Low carbon infrastructure at no extra cost
NIC has published an annual review showcasing a highly renewable generation mix is a low-cost option for the energy system, but a requirement of transformation in...
The National Infrastructure Commission is required to carry out an overall assessment of the UK’s infrastructure requirements once every 5 years. This is the first of those assessments.
The first National Infrastructure Assessment sets out the Commission’s plan of action for the country’s infrastructure over the next 10-30 years. Infrastructure can inspire confidence and growth.
By 2050, the UK’s population and economy will have grown significantly. This will place substantial pressures on infrastructure. And meeting the challenge of climate change will require a transformation in energy, waste and transport by 2050. The UK is legally bound to reduce its greenhouse gas emissions by at least 80 per cent from 1990 levels by 2050. Today, around 70 per cent of emissions come from electricity, buildings, travel and waste.
The Commission recommends:
- At least 50% renewable electricity generation by 2030
- No more than 1 more contract for new nuclear before 2020
- Pilots to test hydrogen and heat pumps as low carbon heating options
- Buildings which require less energy to heat
The Commission’s modelling has shown that a highly renewable generation mix is a low-cost option for the energy system. Government should not agree support for more than one nuclear power station beyond Hinkley Point C before 2025. The National Audit Office found that this procurement model for Hinkley Point C did not provide best value for money for consumers. The Commission is recommending a ‘one by one’ approach to new nuclear plants, as opposed to the current government policy to develop a large fleet.
The analysis carried out shows slightly lower average costs for a scenario with 90 per cent renewable and less than 10 per cent nuclear compared to a scenario with 40 per cent renewable and around 40 per cent nuclear, the higher cost of managing the variable nature of many renewables (‘balancing’) is offset by the lower capital cost, which translates into lower costs in the wholesale market. Regardless if heat is predominantly electrified using heat pumps or provided through low carbon hydrogen in the future.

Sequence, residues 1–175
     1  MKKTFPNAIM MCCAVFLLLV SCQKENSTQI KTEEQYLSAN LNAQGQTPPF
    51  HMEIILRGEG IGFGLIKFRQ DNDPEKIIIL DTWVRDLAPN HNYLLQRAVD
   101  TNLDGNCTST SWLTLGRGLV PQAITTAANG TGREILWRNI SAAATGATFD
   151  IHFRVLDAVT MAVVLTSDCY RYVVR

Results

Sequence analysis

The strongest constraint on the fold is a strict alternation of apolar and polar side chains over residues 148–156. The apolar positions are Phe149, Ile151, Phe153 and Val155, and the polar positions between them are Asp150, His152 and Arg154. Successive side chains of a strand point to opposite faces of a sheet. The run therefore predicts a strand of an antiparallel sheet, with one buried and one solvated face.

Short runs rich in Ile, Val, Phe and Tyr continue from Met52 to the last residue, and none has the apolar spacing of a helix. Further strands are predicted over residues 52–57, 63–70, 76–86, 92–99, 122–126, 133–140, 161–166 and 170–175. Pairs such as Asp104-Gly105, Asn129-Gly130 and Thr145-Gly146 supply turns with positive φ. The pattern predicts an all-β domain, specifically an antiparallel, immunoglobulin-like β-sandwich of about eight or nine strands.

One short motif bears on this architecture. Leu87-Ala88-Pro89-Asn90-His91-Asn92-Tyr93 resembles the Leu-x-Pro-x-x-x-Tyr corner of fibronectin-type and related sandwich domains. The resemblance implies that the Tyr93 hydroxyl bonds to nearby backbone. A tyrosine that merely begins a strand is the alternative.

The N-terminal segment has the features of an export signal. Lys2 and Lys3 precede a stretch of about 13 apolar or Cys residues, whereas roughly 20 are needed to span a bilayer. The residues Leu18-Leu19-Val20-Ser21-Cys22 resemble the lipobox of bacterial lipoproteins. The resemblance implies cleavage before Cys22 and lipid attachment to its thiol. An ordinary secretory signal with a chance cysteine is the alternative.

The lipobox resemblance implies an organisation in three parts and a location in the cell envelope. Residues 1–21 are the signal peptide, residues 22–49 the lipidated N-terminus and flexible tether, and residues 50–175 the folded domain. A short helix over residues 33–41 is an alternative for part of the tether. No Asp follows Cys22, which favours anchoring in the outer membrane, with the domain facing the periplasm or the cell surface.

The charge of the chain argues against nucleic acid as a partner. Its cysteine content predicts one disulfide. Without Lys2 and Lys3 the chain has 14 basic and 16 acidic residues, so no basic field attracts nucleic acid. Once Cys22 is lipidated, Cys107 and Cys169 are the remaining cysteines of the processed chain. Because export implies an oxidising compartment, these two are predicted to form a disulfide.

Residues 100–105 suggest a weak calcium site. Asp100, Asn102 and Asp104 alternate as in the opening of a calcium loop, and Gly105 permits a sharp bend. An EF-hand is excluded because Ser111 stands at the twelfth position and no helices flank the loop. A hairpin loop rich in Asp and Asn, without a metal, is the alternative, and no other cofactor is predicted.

In all scenarios, extra flexibility, which includes technologies such as storage, interconnection and demand side response, is a low regrets investment which reduces estimated total energy system costs by between £1-7 billion per year on average between 2030 and 2050.The Commission favours the use of existing market mechanisms – contracts for difference and the capacity market – where possible, to avoid creating more uncertainty, but incremental improvements could be made. All renewables should be able to compete; there is no longer a case for any bilateral deals, including for tidal.
But even with emissions almost eliminated from power generation and waste, the UK cannot achieve its emissions targets without transitioning away from using natural gas, a fossil fuel, for heating.
Biogas can also be used as a low carbon substitute for natural gas. It can also be converted to a range of biofuels, which may prove especially valuable in sectors where fossil fuels are hardest to replace, such as aviation. The Commission recommends that government should establish separate food waste collection for households and businesses (to enable production of biogas) by 2025.
It is cheaper to collect food waste separately and process it in anaerobic digesters, rather than send it to energy from waste plants (incinerators). Seventy-nine per cent of people who do not currently use a food waste bin would be prepared to use one if it were provided by their local council. More plastics should be recycled, including by restricting the use of hard-to-recycle plastic packaging by 2025. Better packaging design, clearer labelling, fewer hard to recycle plastics, and tougher recycling targets.
The Commission recommends that government should set a target for recycling 65 per cent of municipal waste and 75 per cent of plastic packaging by 2030. Government should set individual targets for all local authorities and provide financial support for transitional costs.
techUK supports the findings of the NIC and agrees that the road to low carbon economy looks brighter now than ever. We welcome NIC’s call for Government to be less afraid to be more ambitious in their approach to policy.
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